recognition and control. The residents who were already there had few choices, some were absorbed by the incoming groups, some created their own like group "The Black Family Deuces" off of Larrabee Street. Then like anywhere else you had your group who attempted to avoid all of these gangs. Mean while the world was moving on in great strides, The war in Vietnam, The Civil Rights Movements, Kent State, Selma Al., hippies, yippies
turn on and tune out, free love, love beads and enlightenment!!!!
Now, you might say what has this to do with Cabrini Green? Well like any other community, when there is social and political upheval, there is an reaction or reactions. The ghetto turned on, speed, marijuana, heroin and cocaine, like leaving a kid in Toys r Us. The Steel mills start closing, the stock yards, and other giants of employments start pulling up and doing what so many of the reidents were doing, relocating outside of the city, some outside of the state or country. The gangs, no longer could survive on local extortion for money, not enough money for gangs with members exceeding 2 and 3 hundreds. Robberies, burglaries and theft could only fill the void for excitement value only. The truth is that, Blacks could have stolen "The Hope Diamond", A Picasso, or any other thing of value and the problem would be the same.....Who is going to buy a stolen Picasso from someone Black? The Black guy would do better stealing the stand that the Picasso was displayed on. So, the game becomes DOPE.... from a nickel bag to a pound, from a gram of heroin to a kilo. The money is fast, very fast, so is the competition
matter of fact the competition becomes deadly. The more you sell, the more you need to sell. Now, a perfect place to distribute this product, is the projects. There is a built in customer bases, the place is builted like a fortress and you have an almost endless supply of those who are willinging to help for a piece of the pie. The ACLU has open the door to anyone that wants to move in, now emancipated females of the ages of 18 are getting there own apartments. The building in Cabrini Green that were once the homes to those people who were seeking opportunities and a better life, are now the bastions of the anti social, the criminals. The basic upkeep of apartments, elevators, hallways have fallen behind, to the needs of meer exsistence. There are no longer families who eat together, there are BurgerKings, McDonalds. There is no longer the giggling, and laughters of playing children, but the loud reports of gun fire, day time or night time, it doesn't make a difference anymore. It those with something, against those who want something. The family core disappeared, common sense disappeared, there's no use of getting educated, you'll starve to death before you graduate, that if you lucky not to be shot in a drive by first. Get what you can, and all that you can.. NOW. It doesn't make any difference how, just do it. If you OD, you're dead, if you try to live here you're dead, where ever you go, you are you and you're dead. A bright shining star for a moment, is better then an eon of flickering. The dreams, the nightmares have run it course, the building are or have entirely been torn down, the people have been scattered into the winds and already Cabrini-Green is a foot note for the curious. It was just another rise and fall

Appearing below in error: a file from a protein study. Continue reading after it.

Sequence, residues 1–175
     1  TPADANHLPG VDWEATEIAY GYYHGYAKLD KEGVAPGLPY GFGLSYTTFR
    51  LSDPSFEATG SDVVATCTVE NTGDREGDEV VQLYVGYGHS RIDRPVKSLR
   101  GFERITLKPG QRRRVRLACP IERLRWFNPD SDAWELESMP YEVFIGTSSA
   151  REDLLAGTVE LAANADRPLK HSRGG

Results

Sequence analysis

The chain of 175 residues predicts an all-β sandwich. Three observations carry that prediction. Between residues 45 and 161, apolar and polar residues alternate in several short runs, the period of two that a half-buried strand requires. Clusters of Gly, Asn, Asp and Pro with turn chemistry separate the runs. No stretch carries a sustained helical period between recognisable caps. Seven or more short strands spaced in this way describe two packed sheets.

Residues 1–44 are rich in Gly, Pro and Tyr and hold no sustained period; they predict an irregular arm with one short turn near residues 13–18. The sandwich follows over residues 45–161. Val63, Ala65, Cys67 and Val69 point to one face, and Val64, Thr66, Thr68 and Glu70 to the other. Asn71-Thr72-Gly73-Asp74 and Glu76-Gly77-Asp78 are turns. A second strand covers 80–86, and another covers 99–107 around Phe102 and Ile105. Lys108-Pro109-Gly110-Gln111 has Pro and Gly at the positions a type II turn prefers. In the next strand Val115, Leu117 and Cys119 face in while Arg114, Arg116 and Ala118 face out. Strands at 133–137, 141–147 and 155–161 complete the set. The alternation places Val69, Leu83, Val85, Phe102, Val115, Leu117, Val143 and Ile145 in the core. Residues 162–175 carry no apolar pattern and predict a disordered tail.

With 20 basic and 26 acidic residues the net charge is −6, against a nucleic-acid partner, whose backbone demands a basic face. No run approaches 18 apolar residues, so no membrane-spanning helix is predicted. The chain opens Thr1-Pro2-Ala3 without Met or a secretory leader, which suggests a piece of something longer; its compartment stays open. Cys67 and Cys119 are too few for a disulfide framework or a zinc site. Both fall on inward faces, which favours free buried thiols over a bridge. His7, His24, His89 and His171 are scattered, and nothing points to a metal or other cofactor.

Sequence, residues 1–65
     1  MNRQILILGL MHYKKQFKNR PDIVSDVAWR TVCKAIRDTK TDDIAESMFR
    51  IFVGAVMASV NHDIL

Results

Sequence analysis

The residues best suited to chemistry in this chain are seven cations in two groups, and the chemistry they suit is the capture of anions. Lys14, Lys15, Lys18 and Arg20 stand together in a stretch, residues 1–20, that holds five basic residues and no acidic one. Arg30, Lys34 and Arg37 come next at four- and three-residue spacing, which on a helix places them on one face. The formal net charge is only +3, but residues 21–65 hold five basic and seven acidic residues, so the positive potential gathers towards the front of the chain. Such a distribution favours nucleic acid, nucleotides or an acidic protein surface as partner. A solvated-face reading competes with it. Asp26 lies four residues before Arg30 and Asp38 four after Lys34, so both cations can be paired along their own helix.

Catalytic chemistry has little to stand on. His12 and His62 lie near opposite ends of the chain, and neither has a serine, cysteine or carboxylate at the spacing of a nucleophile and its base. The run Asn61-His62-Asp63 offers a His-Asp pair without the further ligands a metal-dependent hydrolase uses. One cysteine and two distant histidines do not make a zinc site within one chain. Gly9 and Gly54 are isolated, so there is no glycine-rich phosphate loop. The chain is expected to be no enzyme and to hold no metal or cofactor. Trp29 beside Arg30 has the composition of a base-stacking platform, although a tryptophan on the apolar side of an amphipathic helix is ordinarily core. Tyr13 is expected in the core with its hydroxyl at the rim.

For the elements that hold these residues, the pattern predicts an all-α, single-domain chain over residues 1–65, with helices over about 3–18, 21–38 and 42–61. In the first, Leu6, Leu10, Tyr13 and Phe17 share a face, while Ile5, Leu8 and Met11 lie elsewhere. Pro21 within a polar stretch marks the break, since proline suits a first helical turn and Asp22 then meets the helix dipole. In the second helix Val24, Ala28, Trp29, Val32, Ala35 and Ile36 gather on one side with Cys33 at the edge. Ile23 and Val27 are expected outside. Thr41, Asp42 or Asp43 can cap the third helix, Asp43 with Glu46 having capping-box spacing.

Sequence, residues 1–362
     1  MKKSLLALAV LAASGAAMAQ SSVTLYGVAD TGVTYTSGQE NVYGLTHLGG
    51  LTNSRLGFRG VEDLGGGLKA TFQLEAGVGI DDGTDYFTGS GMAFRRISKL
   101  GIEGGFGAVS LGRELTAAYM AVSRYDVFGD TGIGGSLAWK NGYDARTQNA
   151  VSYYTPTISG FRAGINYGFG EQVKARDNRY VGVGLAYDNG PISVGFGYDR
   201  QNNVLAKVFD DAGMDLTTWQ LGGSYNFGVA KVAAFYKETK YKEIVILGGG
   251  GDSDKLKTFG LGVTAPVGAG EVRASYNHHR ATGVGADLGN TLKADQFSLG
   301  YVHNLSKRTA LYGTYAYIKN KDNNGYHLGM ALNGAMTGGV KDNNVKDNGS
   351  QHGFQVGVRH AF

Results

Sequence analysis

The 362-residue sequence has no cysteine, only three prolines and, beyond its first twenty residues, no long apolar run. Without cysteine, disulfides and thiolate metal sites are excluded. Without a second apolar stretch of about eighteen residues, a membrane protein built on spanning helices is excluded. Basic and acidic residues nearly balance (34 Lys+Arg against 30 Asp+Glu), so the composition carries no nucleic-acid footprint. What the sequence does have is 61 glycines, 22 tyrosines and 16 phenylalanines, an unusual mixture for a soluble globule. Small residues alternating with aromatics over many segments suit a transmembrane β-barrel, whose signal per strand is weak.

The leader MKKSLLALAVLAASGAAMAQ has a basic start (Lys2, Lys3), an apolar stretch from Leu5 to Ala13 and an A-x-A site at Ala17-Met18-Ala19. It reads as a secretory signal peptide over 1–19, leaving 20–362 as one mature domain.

Yep, this is exactly what Tupac meant when he said "our history is so full of tragedy and misery."


The very first time I went to Chicago (long before I moved here) I couldn't help but look at the projects on the South Side (RT because they were still up at the time) and think about how my people (African Americans), who were from my state (Alabama) came up here to chase a dream, only to see that all that glitters isn't necessarily gold, and it's sad how quickly the dream turned into a nightmare, a hell on earth. Sadly, it seems that in life we're always chasing a dream, some place far down the yellow brick road called "happiness". Only problem is we never realize that happiness and joy in life is a way of traveling, and not a destination to arrive at. If you're searching for a time and a place in your life, sometime in the future, where you will be perfectly content, without any problems or worries, then you will be searching for a very long time because life is never perfect, but that doesn't mean that you can't be happy. It's all about attitude and not circumstances, and my people had to learn that the hard way.